This article examines the role of racial profiling in the property insurance industry and how such practices, grounded in negative racial stereotyping, have contributed to racial segregation and uneven metropolitan development. From a review of industry underwriting and marketing materials, court documents, and research by government agencies, industry and community groups, and academics, it is clear that race has long affected and continues to affect the policies and practices of this industry. Due to limitations in publicly available data, it is difficult to assess precisely the extent to which race shapes industry practices. Research and public policy initiatives are explored that can ameliorate the data problems, increase access to insurance, and foster more equitable community development. [source]

    Rejoinder to Racial Profiling, Insurance Style: A Spirited Defense of the Insurance Industry

    Todd C. Pittman
    First page of article [source]

    Appellate Juvenile Justice: Canadian Style

    ABSTRACT While appeals are relatively rare in Canada, they have significant outcomes in a juvenile justice system where dispositions are determinate and either the offender or prosecution can appeal the severity of a disposition. Examining the outcomes of ten years of appeals in one province produced two noteworthy findings. First, youths initiate most appeals in Canada, but few are successful in reducing the severity of their dispositions. Second, prosecution-initiated appeals are comparatively rare but almost always result in substantial increases in the severity of a youth's disposition. Despite the importance of these due process protections, however, Canadian youths do not have the right to state-funded counsel for appeals, reducing their ability to redress errors or modify unusually harsh dispositions. [source]

    Divorce Israeli Style: Professional Perceptions of Gender and Power in Mediated and Lawyer-Negotiated Divorces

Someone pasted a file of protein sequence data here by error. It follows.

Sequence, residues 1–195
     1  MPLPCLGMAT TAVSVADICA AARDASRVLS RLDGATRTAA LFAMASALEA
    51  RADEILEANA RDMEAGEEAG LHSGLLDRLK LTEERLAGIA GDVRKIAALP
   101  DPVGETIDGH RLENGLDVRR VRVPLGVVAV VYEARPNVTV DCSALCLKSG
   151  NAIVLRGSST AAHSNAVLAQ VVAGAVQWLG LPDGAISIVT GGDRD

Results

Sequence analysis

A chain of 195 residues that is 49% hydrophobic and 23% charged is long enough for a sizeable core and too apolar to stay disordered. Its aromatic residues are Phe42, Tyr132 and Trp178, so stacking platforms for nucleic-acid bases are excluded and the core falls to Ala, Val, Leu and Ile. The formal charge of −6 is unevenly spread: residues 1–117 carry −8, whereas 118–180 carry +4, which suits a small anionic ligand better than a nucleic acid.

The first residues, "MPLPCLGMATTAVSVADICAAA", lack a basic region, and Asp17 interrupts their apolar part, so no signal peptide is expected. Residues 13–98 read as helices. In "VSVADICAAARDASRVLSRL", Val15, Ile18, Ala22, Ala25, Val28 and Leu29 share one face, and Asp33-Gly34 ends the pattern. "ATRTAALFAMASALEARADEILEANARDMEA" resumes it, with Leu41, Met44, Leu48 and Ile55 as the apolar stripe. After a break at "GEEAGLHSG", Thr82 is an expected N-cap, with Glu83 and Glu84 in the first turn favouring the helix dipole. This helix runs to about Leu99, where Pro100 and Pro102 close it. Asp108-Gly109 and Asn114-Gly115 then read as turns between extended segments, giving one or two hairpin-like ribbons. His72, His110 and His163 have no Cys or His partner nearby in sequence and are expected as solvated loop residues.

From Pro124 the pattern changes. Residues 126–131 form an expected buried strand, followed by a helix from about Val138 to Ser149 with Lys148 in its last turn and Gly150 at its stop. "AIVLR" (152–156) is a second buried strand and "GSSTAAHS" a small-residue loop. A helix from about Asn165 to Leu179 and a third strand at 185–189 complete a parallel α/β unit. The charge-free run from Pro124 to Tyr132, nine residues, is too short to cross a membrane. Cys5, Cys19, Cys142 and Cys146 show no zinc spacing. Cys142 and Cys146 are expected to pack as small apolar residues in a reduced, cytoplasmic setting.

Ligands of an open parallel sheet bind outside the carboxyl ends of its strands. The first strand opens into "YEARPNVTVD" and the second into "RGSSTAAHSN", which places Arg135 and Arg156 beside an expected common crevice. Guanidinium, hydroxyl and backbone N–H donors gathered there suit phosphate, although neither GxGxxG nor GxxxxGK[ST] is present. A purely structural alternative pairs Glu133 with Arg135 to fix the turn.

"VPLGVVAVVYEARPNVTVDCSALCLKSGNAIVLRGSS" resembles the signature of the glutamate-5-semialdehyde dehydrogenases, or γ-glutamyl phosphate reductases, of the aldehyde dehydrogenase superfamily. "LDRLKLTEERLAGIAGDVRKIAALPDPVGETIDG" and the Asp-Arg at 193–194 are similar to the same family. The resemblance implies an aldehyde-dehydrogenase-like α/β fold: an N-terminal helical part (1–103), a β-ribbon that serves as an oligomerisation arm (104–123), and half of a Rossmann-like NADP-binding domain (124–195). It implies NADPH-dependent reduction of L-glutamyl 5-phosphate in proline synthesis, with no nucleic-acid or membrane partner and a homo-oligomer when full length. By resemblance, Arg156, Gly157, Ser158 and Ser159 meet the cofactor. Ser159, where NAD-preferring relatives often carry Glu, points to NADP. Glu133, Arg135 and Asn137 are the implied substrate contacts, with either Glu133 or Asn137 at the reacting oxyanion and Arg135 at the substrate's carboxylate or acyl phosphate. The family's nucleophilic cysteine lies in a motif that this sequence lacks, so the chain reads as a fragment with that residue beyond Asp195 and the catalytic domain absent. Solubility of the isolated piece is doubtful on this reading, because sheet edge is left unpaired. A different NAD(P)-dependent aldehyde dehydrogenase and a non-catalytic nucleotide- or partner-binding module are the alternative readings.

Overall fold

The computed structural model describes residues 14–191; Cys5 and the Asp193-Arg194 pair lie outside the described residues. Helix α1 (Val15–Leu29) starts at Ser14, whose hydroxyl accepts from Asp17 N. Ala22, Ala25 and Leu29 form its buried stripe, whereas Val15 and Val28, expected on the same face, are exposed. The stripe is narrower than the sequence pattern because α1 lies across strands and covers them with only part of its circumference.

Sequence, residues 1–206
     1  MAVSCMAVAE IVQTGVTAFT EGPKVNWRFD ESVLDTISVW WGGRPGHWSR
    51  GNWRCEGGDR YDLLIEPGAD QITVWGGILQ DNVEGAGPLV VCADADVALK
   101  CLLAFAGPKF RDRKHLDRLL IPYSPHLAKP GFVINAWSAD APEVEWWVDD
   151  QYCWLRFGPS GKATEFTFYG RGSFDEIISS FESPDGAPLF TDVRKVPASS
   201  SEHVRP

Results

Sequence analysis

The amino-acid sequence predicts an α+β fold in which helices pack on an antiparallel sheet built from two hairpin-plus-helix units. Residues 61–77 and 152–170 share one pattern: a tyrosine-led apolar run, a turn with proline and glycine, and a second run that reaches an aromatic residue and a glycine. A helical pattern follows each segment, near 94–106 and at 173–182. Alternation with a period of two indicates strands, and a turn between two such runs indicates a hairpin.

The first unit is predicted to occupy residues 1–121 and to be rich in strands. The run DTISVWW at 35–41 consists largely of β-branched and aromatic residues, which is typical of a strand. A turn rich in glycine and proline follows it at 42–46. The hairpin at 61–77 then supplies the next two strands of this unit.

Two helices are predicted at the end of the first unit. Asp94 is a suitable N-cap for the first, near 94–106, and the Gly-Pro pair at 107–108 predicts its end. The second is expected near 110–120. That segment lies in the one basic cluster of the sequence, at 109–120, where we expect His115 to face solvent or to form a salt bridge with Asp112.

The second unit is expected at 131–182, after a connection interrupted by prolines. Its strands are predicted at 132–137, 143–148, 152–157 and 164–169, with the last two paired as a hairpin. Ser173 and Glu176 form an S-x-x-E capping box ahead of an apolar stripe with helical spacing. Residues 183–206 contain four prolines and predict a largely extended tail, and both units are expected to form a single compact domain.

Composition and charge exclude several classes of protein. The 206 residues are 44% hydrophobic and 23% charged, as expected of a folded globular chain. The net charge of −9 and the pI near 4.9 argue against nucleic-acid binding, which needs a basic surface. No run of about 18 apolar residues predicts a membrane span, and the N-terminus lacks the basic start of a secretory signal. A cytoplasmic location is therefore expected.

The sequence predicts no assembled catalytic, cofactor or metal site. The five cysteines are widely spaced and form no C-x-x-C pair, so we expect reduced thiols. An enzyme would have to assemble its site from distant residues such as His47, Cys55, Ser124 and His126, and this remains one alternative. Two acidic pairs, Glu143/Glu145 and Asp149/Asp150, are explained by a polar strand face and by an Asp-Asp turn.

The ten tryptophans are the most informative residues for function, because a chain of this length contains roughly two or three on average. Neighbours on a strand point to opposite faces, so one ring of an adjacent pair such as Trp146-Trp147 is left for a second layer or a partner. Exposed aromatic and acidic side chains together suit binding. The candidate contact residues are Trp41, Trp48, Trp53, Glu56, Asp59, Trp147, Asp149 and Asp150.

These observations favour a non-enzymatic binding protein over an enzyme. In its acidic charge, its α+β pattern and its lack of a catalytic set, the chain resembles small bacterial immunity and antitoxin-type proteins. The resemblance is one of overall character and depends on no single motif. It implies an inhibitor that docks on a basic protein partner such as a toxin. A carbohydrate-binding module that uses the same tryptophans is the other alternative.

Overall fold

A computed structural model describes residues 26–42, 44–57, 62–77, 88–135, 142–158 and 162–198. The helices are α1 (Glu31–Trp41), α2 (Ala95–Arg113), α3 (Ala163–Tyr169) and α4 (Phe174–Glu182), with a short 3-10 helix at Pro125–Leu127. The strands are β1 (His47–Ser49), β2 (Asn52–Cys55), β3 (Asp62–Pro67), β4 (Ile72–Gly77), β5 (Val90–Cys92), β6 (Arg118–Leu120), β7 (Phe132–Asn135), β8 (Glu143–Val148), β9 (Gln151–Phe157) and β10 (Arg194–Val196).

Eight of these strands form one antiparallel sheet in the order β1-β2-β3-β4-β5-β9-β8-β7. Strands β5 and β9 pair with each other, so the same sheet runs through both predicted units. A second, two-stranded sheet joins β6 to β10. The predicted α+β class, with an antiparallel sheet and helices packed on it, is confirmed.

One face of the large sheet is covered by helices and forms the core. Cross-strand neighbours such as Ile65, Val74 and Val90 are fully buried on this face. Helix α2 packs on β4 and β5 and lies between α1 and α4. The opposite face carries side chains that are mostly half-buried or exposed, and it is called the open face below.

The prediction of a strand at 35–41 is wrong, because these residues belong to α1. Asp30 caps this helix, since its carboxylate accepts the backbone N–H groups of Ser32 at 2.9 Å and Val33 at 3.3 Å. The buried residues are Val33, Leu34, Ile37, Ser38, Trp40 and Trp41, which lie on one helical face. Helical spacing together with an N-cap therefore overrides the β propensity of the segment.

LAW & POLICY, Issue 2 2006
    This study examines how the power of women is constructed by divorce professionals in a divorce process that is governed by rabbinical family law, the egalitarian ideology of the recently established family courts, and the growing use of mediation in divorce disputes. It is based on 254 questionnaires and 57 interviews with lawyers, mediators, and lawyer-mediators. We found that except for a minority of women lawyers, practitioners claimed that women were not disadvantaged by family law, and that mediation does not adversely affect weaker parties. However, their reactions to hypothetical situations indicated that rabbinical law does matter for women's bargaining power, and for lawyers' recommendations for mediation. This study reveals the complexities of the social construction of gender and power in divorce negotiations and the role of women professionals in empowering divorcing women. [source]

    Changes in the Style, Production and Distribution of Pottery in Santa María Atzompa, Oaxaca, Mexico during the 1990s

    Mary S. Thieme
    The potters of Santa María Atzompa, a town located in the Valley of Oaxaca in Southern Mexico, have been making pottery for at least 500 years. The town has been widely known for its production of green glazed cookware and ornamental pottery, which is sold throughout the State of Oaxaca and beyond. Beginning in the mid-1990s, to a large extent as a result of public concern, publicity, and legislation about the lead glaze, which they have been using since the Colonial Period, the potters changed the style, distribution and social context of their ceramics production. This paper examines the town's pottery industry through time, focusing on the household as a key social unit. [source]

    Wannabes, Goths and Christians: The Boundaries of Sex, Style and Status by Amy C. Wilkins

    No abstract is available for this article. [source]

    Access, Style and Imagery: The Audience for Prehistoric Rock Art in Atlantic Spain and Portugal, 4000,2000 BC

    Richard Bradley
    The prehistoric rock art of western Iberia is normally divided into several styles with different associations, distributions and chronologies. Some are associated with monuments and others are found in the open air. A more basic division may help to account for the degree of overlap between these separate groups. This paper suggests that it may be possible to learn something of the significance of the painted and carved designs by considering their accessibility and the audiences to whom they could have been addressed. The argument is illustrated by recent fieldwork at Monte Penide and El Pedroso. [source]